Original Study| Volume 31, ISSUE 5, P503-508, October 2018

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Venous Thromboembolism in Female Adolescents: Patient Characteristics


      Study Objective

      Our goal was to describe the period prevalence of venous thromboembolism (VTE) and characterize adolescent female patients diagnosed with VTE by describing their age, race, and number of comorbidities. Female adolescents with estrogen exposure were of particular interest because estrogen-containing contraceptives increase the risk of VTE.

      Design, Setting, Participants, and Interventions

      We queried the Pediatric Health Information System database for International Classification of Diseases, Ninth/Tenth Revision, Clinical Modification codes to identify female patients aged 12-18 years diagnosed with a VTE or pulmonary embolism from April 2006 to March 2016 in the United States. Patient demographic characteristics and comorbidities were also analyzed. We divided our study population into two five-year groups and calculated the change in period prevalence of VTE between those groups.

      Main Outcome Measures

      Primary diagnosis of VTE in the extremities, or pulmonary embolism.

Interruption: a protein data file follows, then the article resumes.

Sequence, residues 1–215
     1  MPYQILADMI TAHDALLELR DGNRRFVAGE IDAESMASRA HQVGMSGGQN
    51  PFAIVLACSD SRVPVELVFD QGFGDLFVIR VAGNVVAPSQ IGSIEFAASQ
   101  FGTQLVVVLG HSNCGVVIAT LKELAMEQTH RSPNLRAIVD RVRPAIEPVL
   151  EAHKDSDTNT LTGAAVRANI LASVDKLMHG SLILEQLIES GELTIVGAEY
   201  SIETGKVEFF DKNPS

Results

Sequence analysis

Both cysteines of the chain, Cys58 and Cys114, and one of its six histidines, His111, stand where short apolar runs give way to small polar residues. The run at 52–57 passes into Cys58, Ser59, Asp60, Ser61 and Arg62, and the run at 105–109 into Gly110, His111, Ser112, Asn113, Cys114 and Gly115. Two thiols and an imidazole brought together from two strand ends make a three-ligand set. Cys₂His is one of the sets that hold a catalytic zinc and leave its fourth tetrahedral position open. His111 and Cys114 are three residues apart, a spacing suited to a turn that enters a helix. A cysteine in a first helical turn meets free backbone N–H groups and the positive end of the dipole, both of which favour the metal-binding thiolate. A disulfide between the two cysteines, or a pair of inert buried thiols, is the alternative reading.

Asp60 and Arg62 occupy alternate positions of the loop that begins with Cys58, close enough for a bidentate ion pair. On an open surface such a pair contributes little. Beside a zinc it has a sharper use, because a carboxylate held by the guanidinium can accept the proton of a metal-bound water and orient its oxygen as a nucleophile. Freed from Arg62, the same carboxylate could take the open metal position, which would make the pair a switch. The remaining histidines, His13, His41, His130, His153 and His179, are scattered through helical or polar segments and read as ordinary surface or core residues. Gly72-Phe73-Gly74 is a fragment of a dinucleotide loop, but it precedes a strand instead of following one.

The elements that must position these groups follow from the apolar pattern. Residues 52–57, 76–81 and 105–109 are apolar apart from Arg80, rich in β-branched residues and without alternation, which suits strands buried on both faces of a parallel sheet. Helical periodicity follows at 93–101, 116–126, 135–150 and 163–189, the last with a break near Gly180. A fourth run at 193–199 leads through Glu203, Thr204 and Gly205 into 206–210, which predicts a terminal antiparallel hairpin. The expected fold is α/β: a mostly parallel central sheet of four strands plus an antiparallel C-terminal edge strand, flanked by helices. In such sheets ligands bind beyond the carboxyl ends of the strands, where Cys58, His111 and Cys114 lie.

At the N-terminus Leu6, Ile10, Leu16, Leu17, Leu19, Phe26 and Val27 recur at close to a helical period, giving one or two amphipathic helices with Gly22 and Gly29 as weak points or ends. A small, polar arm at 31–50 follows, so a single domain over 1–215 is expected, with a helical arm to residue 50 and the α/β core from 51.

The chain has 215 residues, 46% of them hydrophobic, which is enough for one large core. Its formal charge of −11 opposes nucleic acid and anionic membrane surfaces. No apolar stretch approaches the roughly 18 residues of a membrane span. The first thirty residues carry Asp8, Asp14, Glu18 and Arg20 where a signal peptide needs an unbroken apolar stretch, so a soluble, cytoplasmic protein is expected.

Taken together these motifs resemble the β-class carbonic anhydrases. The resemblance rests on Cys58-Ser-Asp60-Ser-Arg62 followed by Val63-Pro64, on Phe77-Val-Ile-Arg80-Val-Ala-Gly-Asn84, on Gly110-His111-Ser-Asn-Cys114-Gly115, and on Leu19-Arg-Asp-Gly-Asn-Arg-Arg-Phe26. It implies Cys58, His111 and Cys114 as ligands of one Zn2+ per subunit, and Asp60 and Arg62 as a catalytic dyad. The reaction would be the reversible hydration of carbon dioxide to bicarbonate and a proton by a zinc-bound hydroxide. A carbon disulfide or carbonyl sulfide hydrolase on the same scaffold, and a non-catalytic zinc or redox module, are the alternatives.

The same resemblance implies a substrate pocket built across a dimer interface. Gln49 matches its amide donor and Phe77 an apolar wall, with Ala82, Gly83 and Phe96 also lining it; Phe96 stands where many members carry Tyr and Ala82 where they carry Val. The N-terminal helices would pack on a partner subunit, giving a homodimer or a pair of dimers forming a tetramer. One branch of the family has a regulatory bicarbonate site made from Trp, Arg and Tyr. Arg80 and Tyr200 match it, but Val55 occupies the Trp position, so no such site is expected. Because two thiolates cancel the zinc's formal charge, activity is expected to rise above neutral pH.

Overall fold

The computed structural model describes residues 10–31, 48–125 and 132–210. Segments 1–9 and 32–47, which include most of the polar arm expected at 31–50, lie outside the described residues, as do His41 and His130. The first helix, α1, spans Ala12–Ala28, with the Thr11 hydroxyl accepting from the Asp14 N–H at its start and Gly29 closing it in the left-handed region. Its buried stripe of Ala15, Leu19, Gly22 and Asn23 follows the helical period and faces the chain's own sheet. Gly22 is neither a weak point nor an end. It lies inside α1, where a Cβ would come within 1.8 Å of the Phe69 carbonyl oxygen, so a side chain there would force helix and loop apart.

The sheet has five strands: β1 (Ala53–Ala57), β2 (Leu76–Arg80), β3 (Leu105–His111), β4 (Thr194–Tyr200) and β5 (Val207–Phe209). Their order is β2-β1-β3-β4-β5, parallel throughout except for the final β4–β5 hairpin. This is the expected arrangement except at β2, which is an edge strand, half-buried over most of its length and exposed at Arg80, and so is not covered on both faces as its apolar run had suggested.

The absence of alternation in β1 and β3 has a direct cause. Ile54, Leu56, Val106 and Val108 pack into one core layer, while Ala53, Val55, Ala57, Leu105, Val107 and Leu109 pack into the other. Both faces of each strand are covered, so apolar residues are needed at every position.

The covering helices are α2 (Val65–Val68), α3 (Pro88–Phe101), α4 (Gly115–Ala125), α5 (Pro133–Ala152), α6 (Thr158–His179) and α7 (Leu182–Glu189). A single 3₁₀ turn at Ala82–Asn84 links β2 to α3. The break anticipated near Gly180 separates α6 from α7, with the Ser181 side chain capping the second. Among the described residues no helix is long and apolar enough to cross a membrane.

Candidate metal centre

The period prevalence of VTE increased from 2.3 female adolescents per 10,000 hospitalized children (group 1) to 3.3 per 10,000 (group 2), representing a statistically significant increase of 0.010% (P < .001). Caucasian and black individuals were most commonly affected. The number of girls affected increased steadily from ages 12 to 16 years and a large percentage (59.6%) had four or more comorbidities. In patients (n = 32) with estrogen exposure, more than 96% had one or more comorbidity in addition to estrogen exposure.


      Pediatric health care providers should be aware that the period prevalence of VTEs in female adolescents is increasing. Those with a history of estrogen exposure rarely develop VTEs from estrogen alone and they typically have multiple comorbidities.

      Key Words

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